No Respectability: Our Review of ‘Wendy’

Posted in Movies, Theatrical by - March 06, 2020
No Respectability: Our Review of ‘Wendy’

Wendy begins with titular character at age 4 (Tommie Lynn Milazzo). She’s sentient enough for her to understand an argument happening in her mother Angela Darling’s (Shay Walker) diner. That argument is between a boy, Thomas (Krzysztof Meyn), and an older customer. The latter tells the former that he’ll end up being a janitor. Custodial work is, after all, one of the only jobs available in this small Louisiana town. Most people, the ones I asked anyway, realize that all work is honorable by the time they reach high school. Which is, sadly, not early enough. Anyway, angry, Thomas goes to the tracks. Wendy watches Thomas ride a train and disappears. A few minutes later, Wendy turns 8 (Devin France). And we’re still in Louisiana.

Audiences know that they’re watching Wendy for a different take on Peter Pan. But co-writer and director Benh Zeitlin’s choice to keep the story in Louisiana longer than it should is baffling. I’m a mere blogger and Zeitlin is an Academy Award nominee. But it’s as if he needs to establish the idea of home without knowing what a montage is. Or he could use this Jungian idea of home. A place Wendy, like everyone else, would want to return to even if home is bad and Neverland is better. That is, after all, what Zeitlin’s better work Beasts was about. It’s as if Wendy wants us to notice that nobody in the Darling family speaks with the same accent.

Eventually, Wendy and her brothers (Gage and Gavin Naquin) leaves Louisiana. They take the train and boat trip to Neverland, where Thomas end up, and meet Peter Pan (Yashua Mack). OK, I get it. People don’t like to bathe, and people who wear the same clothes won’t have those clothes in mint condition. And maybe what I see here says as much about me as it does about Zeitlin. But this rendition of a dirty Peter in tattered clothing makes an offensive depiction of black children. This is obviously not Mack’s fault. The other lost children (Ahmad Cage and Romyri Ross) also fall victim here. It’s obvious that Zeitlin is depicting an outsider’s grossly nostalgic version of the rural South.

Wendy‘s rendition of Neverland, a place where children never grow up, needs a more respectable Peter. Strangely enough or otherwise, Neverland is the best part in Zeitlin’s adaptation. He spares us of J.M. Barrie’s depiction of Indigeous people, thank God. Whoever scouted the locations in Louisiana an Antigua deserve their pay and more. Nature is inherently cinematic, and adding the occasional geyser makes Neverland capably magical. The same goes for creature design. We get a gleaming whale that Peter adopts as his Mother. A creature that, unlike those pesky mermaids, is friendly to Wendy.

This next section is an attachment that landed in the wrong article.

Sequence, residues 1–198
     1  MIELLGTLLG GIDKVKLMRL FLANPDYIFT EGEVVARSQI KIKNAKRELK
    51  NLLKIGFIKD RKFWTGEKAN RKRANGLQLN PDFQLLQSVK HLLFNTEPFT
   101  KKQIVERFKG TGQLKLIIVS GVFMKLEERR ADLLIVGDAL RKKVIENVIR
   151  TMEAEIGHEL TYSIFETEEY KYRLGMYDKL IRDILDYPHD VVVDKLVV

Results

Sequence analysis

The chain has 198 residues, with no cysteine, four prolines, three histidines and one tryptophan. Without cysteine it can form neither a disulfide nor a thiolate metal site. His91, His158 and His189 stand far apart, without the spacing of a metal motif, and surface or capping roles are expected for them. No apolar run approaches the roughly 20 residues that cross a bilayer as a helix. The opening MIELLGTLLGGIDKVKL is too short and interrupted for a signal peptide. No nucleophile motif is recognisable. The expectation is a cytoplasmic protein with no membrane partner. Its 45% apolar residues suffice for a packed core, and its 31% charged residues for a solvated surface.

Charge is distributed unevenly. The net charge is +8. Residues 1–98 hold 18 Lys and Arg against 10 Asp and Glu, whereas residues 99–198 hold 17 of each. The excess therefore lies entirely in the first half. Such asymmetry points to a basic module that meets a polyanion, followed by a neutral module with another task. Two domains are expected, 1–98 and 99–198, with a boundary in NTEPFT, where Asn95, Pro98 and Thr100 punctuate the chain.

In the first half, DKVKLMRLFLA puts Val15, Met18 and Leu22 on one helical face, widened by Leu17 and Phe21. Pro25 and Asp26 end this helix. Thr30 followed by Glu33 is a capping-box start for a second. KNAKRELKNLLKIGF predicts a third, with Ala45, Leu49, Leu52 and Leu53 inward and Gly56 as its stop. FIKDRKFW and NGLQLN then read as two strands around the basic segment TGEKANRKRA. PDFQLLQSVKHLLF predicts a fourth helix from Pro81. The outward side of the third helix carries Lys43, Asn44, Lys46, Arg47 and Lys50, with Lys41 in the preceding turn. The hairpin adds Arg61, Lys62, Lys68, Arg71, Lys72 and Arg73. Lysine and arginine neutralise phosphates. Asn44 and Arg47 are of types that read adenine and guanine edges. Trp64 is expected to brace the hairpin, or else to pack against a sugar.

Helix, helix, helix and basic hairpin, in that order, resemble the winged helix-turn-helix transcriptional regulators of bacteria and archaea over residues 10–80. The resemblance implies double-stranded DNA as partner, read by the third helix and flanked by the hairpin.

Again, Zeitlin adds Wendy into the pile of a dozen Peter Pan adaptations. Here, he takes the focus away from the Peter-Hook conflict, which is a good decision. Making the Wendy-Peter relationship platonic is less so. Cinema can handle puppy love without it being gross. The book, after all, is about Peter, a character so infantile that it brings out the mother instinct in Wendy. It’s an instinct she needs to raise her daughter, who Peter kidnaps in Neverland for ‘training purposes’. Making this movie about Wendy learning about growing up, which is what mo was also a good decision. That is, after all, what most children’s stories are about. But without the performances and the visuals, the execution here is lacking.

Wendy, Benh Zeitlin’s Rufio-less adaptation of Peter Pan, has daily screenings at the Varsity Theatre in Toronto.

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While Paolo Kagaoan is not taking long walks in shrubbed areas, he occasionally watch movies and write about them. His credentials are as follows: he has a double major in English and Art History. This means that, for example, he will gush at the art direction in the Amityville house and will want to live there, which is a terrible idea because that house has ghosts. Follow him @paolokagaoan on Instagram but not while you're working.
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